[TransWarp] PROPOSAL: Namespace unification: binding, naming, config

Phillip J. Eby pje at telecommunity.com
Sun Jul 7 22:33:08 EDT 2002

While working on finishing the design of PEAK's configuration system this 
weekend, it occurred to me that there was a distinct similarity between 
three kinds of trees in PEAK: binding.Component trees, naming.Context 
trees, and config.Stack trees.  All involve some type of "inheritance" or 
"acquisitional" context.

It occurs to me that there isn't any reason for naming.Context objects to 
use a separate "environment" or "configuration" parameter.  They could just 
become binding.Components themselves.  Although by default, 
binding.Components are only instantiated as named attributes of their 
parent component, they will work just fine as an independent object that 
just has a pointer to a parent.

Similarly, although we've been talking about the configuration stack as 
though it were something that lived outside the component tree, it 
similarly could live inside it... as a kind of default root object for 
components which do not otherwise have a parent.

And coming full circle, the binding system doesn't need to pass a 
configuration object or parameter to the naming system in order to tell it 
where a lookup is relative to; it can just bind the initial context object 
as a child component of the component.  Heck, objects can freely keep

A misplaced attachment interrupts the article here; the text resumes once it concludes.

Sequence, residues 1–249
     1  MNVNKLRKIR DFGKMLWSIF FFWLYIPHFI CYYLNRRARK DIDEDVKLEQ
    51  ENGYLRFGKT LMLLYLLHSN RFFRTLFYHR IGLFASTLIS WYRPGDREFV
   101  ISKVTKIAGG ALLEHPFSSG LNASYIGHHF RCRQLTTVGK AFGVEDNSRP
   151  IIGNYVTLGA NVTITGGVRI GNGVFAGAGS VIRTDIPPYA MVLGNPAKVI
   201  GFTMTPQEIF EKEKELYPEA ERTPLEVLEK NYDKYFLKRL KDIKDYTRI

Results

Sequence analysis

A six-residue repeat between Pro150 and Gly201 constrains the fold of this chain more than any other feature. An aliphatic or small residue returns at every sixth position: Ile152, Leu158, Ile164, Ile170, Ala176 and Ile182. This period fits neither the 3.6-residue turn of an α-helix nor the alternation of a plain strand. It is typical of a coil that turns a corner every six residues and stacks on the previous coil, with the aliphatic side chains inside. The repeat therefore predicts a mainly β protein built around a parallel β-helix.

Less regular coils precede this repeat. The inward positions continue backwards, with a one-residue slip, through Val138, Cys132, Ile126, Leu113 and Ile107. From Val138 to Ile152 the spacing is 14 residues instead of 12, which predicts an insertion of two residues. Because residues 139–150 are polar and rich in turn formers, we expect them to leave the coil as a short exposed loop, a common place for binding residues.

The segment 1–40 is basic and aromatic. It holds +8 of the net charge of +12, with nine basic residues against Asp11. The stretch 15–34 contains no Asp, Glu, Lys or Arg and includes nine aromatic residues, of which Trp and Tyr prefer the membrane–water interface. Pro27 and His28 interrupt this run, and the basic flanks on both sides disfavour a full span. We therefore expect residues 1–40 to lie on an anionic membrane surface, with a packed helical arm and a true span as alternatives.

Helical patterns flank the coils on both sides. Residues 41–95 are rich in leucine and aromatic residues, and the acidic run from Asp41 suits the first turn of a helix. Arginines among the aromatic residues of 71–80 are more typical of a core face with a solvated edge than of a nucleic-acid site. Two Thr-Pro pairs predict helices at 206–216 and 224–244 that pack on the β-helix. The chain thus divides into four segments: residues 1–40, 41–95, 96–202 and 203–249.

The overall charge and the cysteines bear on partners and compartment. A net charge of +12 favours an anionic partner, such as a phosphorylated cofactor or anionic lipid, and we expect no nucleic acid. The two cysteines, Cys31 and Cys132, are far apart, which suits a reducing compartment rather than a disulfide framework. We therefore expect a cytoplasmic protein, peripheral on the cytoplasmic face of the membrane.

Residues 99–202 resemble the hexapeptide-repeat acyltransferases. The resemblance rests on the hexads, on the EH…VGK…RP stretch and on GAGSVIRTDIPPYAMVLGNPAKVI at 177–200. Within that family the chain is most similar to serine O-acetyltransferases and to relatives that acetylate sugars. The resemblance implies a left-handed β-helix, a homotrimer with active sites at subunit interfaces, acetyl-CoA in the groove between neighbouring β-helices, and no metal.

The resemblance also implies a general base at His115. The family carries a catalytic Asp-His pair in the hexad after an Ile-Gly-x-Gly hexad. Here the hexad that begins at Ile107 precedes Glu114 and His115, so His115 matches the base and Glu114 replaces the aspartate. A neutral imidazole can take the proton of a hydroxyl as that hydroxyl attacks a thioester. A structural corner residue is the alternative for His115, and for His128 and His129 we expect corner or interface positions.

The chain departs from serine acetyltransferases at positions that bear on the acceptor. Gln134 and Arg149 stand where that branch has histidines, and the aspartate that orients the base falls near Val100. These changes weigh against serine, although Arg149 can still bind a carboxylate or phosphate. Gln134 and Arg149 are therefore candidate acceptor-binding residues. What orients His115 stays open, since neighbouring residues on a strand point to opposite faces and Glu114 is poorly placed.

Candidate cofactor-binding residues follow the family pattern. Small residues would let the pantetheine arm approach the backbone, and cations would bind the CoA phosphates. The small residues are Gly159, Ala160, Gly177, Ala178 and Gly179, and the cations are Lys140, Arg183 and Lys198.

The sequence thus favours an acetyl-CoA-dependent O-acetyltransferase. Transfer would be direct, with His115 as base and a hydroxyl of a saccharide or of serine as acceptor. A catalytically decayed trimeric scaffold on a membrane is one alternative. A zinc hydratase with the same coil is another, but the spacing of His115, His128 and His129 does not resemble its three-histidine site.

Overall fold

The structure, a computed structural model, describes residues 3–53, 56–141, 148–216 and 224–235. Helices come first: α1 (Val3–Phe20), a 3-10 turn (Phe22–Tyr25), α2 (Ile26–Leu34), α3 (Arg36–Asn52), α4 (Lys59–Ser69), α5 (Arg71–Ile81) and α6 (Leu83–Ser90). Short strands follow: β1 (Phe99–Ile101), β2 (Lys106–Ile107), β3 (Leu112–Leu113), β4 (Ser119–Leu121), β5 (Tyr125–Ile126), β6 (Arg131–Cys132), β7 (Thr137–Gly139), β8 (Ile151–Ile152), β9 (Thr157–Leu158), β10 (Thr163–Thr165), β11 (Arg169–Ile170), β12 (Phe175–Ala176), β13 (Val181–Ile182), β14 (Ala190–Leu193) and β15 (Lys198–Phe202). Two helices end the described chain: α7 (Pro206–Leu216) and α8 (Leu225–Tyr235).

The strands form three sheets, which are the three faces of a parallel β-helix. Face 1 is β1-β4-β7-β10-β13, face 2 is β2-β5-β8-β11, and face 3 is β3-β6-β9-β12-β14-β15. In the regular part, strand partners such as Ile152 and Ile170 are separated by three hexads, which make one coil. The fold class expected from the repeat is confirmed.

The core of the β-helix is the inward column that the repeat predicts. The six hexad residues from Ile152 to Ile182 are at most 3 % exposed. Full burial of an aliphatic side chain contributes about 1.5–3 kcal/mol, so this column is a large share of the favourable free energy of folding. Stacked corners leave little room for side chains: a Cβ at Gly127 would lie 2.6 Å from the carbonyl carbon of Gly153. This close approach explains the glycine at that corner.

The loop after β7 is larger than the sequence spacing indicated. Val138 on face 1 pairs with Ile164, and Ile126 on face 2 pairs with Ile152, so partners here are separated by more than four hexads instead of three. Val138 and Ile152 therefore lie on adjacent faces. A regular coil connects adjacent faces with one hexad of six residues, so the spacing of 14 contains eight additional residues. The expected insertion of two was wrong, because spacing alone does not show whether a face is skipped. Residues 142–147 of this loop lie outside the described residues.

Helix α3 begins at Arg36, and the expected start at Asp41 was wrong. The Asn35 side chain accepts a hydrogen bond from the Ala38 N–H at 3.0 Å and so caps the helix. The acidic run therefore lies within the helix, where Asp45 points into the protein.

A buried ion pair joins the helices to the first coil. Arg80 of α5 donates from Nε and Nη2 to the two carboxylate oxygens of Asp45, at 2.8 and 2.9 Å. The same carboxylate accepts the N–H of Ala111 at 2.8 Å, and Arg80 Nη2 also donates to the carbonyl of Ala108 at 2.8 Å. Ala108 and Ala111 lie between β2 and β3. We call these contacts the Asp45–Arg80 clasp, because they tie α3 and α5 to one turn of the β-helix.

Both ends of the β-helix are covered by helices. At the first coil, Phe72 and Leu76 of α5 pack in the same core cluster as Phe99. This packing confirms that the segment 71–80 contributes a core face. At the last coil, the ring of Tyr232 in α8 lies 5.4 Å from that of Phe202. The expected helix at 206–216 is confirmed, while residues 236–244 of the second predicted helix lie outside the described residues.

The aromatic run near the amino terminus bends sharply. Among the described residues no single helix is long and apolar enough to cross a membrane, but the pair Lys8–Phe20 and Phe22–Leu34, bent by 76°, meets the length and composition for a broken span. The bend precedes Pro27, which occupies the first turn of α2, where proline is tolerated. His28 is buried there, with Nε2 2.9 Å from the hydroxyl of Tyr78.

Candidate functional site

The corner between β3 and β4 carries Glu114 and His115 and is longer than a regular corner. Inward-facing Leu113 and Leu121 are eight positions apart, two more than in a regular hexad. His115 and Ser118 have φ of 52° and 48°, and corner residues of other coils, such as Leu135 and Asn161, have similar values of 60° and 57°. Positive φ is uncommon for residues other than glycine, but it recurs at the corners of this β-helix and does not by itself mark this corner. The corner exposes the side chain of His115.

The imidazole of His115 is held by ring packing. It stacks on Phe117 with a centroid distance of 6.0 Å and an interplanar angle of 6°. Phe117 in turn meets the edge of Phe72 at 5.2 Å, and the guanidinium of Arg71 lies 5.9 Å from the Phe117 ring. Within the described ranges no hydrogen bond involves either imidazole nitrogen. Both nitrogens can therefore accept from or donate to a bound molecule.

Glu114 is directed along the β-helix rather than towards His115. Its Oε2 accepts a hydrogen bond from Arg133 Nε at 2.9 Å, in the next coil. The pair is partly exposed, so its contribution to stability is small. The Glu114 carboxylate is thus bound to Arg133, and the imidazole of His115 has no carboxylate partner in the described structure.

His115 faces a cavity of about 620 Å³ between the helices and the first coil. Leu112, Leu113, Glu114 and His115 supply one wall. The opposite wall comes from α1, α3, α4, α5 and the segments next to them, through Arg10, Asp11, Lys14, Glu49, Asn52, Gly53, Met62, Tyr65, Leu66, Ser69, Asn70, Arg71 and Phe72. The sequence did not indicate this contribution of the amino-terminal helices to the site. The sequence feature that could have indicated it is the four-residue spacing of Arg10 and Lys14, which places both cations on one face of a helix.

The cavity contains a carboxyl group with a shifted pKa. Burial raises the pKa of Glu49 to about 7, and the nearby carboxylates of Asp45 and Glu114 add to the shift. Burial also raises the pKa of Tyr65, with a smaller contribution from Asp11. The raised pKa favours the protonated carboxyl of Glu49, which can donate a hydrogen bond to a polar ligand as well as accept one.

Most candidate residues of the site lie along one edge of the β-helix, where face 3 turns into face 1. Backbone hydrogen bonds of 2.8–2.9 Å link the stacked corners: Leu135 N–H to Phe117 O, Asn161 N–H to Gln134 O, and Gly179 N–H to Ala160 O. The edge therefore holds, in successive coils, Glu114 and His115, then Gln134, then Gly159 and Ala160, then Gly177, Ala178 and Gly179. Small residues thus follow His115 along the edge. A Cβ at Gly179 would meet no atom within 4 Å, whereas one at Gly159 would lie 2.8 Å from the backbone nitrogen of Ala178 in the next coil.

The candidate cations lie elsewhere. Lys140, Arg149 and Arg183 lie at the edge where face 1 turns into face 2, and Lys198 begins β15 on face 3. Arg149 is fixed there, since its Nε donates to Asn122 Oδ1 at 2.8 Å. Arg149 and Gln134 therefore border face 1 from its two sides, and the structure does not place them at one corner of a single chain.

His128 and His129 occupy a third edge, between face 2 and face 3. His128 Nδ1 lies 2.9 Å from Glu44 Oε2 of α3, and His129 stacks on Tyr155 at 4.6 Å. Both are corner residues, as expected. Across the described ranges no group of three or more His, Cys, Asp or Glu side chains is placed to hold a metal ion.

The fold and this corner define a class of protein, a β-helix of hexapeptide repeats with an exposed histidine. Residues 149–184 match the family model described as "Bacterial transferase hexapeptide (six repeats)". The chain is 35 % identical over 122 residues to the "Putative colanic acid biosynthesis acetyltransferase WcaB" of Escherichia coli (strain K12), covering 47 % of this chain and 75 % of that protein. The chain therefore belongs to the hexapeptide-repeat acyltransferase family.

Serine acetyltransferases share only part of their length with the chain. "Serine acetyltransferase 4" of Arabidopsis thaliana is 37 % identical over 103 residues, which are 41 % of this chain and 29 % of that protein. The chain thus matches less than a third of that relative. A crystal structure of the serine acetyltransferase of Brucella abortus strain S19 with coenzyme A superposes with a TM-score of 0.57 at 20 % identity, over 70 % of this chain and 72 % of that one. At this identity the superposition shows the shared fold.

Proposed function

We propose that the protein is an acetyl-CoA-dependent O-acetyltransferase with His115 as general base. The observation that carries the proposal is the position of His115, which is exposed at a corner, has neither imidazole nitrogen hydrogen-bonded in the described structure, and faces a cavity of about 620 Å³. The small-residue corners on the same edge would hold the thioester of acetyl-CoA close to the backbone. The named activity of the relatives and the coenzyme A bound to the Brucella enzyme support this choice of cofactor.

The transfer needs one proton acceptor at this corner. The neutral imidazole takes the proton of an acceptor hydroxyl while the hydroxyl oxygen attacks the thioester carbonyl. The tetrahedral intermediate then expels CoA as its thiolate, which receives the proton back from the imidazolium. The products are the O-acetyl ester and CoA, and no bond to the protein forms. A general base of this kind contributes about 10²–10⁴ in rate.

around an initial context object bound to themselves, if they want; they're 
not very heavyweight.

What we end up with, instead, is a simple interface, something like 
getConfigSetting(propertyname), that's available on all 
binding.Components.  The default implementation would look things up in a 
dictionary associated with the component, and if not found, delegate the 
inquiry to the parent component, unless there is none, in which case 
request a lookup of the default configuration object, and delegate to 
that.  Components at each level can potentially cache their response.

In practice, I think it'll actually need two methods, one for the 
"external" interface, with schema checking and handling of defaults, and 
one for the "internal" interface that handles the delegation, wrapping 
return values with an audit trail to monitor the origin of the 
configuration setting, and caching.

All of this brings up a new and interesting possibility: "style 
sheets".  Think of how CSS defines properties for the components of a 
document tree, with selectors that identify an object by class, ID, or 
context relative to other objects.  The "unified tree theory" of PEAK would 
let us define a similar mechanism, but the properties could be literally 
any configuration property at all.  And the same mechanism could be used as 
a style sheet for a GUI application, as a set of business rules for 
security or workflow properties in a hierarchical context, or just about 
anything else.

I haven't given much thought to this style sheet idea as yet, and I don't 
plan on trying to have it all figured out before implementing a basic 
configuration-acquiring interface.  But I do want the initial system to 
support a very limited sort of "pushing" of configuration settings: a 
component should be able to define a binding for one of its attributes that 
specifies bindings for parameters of the child object.  Right now, the only 
way to do this is to subclass the child object as a nested class in the 
parent object's class.  It would be nice to be able to specify 
configurations that will apply, regardless of the actual class that ends up 
filling the spot.  This is important for the naming system in particular, 
where the exact class of Context object is not going to be known ahead of 
time, even though the component that needs the context knows what settings 
it wants to supply to that context.

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